Description : Seminar paper from the year 2000 in the subject English Language and Literature Studies - Literature, grade: 2+ (B), Technical University of Braunschweig (English Seminar), course: Shakespeare's Comedies, 6 entries in the bibliography, language: English, abstract: This is a paper on symbolism in Shakespeare’s As You Like It. I will especially emphasise the symbolic meaning or rather ‘allusion’ of The Forest Of Arden, and intend to go much further than to maintain that ‘The Forest Of Arden is an unreal place because there are and were no palm trees in England’. This is of course out of question and totally insignificant to the eventual aim of this paper. At first, I will examine the different representations of court and forest in the play, which is supposed to support the assertion that the courtiers have to leave the wicked court in order to find again what has gone lost there: love and human warmth. Thus, I want to show that the forest has to be seen as a feeling, a spirit of love and self-knowledge. Moreover, I am going to put forward concrete symbols in the play and their meaning in the context and with regard to the understanding of The Forest Of Arden. There is a wide range of different symbols, natural and worldly symbols, and of course symbols that are connected with love, which all contribute to the final message of the play, that is, that there is no clear message to it, which I hope I will be able to explain in this paper. On the whole, the question that has to be answered looks simple but is to my mind very intricate and distinct since it is far too complex in its deeper meaning: ‘What is The Forest Of Arden?’ I want to impart the idea that The Forest is not meant as a symbol of something, but rather as a feeling, an attitude towards life. Thus, it is neither symbolic of love nor forgiveness nor renewal, but rather impersonates those qualities. It is not symbol but representative and epitome of, which is much more intensive. However difficult an answer to the question above seems to be, answering it is unexpectedly easy, and this for one simple reason: everyone has to decide for him- or herself. I can only give suggestions, but what Arden means to oneself differs from person to person. Therefore, The Forest Of Arden is As You Like It.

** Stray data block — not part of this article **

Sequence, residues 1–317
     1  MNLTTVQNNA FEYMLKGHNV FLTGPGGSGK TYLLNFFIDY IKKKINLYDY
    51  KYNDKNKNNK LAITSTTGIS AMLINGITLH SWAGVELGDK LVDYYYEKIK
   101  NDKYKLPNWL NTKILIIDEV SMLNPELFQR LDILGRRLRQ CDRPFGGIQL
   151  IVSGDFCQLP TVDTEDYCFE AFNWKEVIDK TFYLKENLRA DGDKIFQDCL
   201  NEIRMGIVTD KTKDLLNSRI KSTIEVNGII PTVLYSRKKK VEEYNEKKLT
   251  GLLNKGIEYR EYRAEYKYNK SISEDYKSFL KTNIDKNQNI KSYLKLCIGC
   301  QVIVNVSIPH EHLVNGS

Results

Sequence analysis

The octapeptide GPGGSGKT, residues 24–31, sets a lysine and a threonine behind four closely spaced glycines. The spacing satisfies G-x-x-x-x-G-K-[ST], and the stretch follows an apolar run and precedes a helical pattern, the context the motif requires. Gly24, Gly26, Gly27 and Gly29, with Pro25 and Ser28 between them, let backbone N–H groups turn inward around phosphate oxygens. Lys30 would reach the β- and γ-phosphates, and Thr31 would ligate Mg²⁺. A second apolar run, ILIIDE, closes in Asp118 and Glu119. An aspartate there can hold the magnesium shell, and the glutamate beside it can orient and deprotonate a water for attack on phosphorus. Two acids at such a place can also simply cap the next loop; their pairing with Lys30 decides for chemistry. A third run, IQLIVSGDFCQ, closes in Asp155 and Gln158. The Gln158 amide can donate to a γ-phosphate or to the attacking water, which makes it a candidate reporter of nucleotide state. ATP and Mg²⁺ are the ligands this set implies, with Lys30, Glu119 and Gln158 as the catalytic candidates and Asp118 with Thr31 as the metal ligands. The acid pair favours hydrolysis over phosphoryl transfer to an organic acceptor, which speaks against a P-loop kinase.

Description : Ever heard the phrase, "too much of a good thing"? That was actually coined by Shakespeare in this play. Most people don't know it, because when they hear the name Shakespeare they run and hide! Let's face it...if you don't understand Shakespeare, then you are not alone. If you have struggled in the past reading Shakespeare, then BookCaps can help you out. This book is a modern translation of "As You Like It." The original text is also presented in the book, along with a comparable version of the modern text. "As You Like It" follows its heroine Rosalind as she flees persecution in her uncle's court, accompanied by her cousin Celia and Touchstone the court jester, to find safety and eventually love in the Forest of Arden. The play features one of Shakespeare's most famous and oft-quoted speeches, "All the world's a stage." We all need refreshers every now and then. Whether you are a student trying to cram for that big final, or someone just trying to understand a book more, BookCaps can help. We are a small, but growing company, and are adding titles every month.
Description : This essay collection offers a lengthy introduction describing trends in criticism and theatrical interpretation of As You Like It. Twenty-six major essays on the play, including several written especially for this volume highlight the work, coupled with twenty-three reviews of various productions, ranging from 1741 to 1919. Edward Tomarken edited this valuable collection with a contents that includes pieces by Samuel Johnson, Charles Gildon, J. Payne Collier, Denton J. Snider, Charles Wingate, Victor O. Freeburg, J.B. Priestly, Cumberland Clark, Margaret Maurer and others.